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Family video-chatting with grandparents
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How Can We Balance Holiday Visits With Extended Family?

Don't stress over choosing to stay home for the holidays. Use these communication tips to find peace and joy in the season.

It’s just impossible to meet everyone’s expectations during the holidays. A parent, grandparent, and family therapist weigh in on how to connect with loved ones while building your own holiday traditions.


“Talk to grandparents sooner rather than later about your need for flexibility in scheduling time, as they may not fully realize the extent of your challenges and potential conflicts. Be up front if it’s a matter of logistics or cost, especially when it comes to long-distance issues; this may soften the blow if you can’t spend the holidays with grandparents.

Schedule a video chat to open gifts from Grandma and Grandpa before or after the busiest festivities take place. Simply knowing they were considered, and time was set aside for them during the big day, assuages some of the disappointment of not participating in person.

Try to create plenty of positive interactions throughout the year between parents, grandparents, and the children. That makes it easier to accept less-than-ideal arrangements at the holidays, as the strength of relationships doesn’t depend on seasonal celebrations.”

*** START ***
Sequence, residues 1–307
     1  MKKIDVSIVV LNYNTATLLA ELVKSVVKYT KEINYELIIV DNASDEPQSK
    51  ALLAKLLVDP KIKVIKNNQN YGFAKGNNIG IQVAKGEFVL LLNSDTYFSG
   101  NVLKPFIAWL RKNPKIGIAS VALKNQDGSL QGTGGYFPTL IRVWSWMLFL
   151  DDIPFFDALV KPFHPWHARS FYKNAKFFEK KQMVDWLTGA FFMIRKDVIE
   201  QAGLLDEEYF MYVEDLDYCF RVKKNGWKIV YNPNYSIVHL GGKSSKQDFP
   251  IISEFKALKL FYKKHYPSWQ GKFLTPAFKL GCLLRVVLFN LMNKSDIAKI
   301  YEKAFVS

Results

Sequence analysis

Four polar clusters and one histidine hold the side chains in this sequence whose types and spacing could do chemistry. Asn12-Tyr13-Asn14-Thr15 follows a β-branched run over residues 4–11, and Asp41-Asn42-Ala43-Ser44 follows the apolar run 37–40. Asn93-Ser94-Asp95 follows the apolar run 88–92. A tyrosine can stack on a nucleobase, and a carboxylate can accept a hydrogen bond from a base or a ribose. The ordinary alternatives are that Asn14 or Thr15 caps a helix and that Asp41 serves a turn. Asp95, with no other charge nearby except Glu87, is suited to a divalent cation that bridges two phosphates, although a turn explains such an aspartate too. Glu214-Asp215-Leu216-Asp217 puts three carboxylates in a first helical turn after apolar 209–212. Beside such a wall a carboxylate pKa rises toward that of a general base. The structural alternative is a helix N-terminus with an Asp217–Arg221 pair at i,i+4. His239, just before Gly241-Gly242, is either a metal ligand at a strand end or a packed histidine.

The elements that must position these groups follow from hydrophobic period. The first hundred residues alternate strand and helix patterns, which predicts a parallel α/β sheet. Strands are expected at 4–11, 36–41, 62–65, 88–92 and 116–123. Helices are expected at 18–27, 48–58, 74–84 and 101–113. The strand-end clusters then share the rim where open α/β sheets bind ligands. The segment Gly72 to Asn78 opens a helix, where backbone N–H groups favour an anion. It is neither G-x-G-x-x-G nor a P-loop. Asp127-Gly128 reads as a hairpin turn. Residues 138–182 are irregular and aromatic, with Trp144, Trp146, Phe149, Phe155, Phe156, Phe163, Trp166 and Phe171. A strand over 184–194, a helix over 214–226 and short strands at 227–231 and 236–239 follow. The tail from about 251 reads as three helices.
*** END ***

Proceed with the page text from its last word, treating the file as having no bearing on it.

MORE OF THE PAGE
—Lisa Carpenter, author of The First-Time Grandmother’s Journal and founder of


“Many parents feel guilty, or encounter guilt trips or negative comments from family members, if they don’t travel for the holidays. Remember, these are your holidays too, and it’s your job as the parent to make the best decisions for your family. This may include not traveling, or traveling before or after the actual holiday.

If you’re dealing with passive-aggressive comments, first remember that the comments are not actually about you, even if they’re aimed towards you. Second, be on the same team with your spouse regarding handling problematic family members. The parent whose family member is being difficult needs to be the one directly interacting with that person, whether it’s setting boundaries or asking the family member not to speak in a negative way.”

—Katie Godfrey, Ph.D., licensed marriage and family therapist, child and family team coordinator at the Catalyst Center in Denver.


“We used to take turns traveling to see family prior to having kids and agreed to travel with kids when they were young. But once our kids started understanding holidays, we started our own traditions at our house, which we really enjoy. Anyone is welcome to come see us.

It’s important for both you and your partner to agree and be very matter-of-fact with each family. You have to say, “This is what we’re doing and, don’t worry, we’ll see you another time of the year.”

We started planning a spring or summer vacation with each family. This is way more fun and less stressful for everyone. I think I have a better relationship with them because of the changes we made.”

—Lane L., Denver, mom of a five-year-old daughter and four-year-old son.

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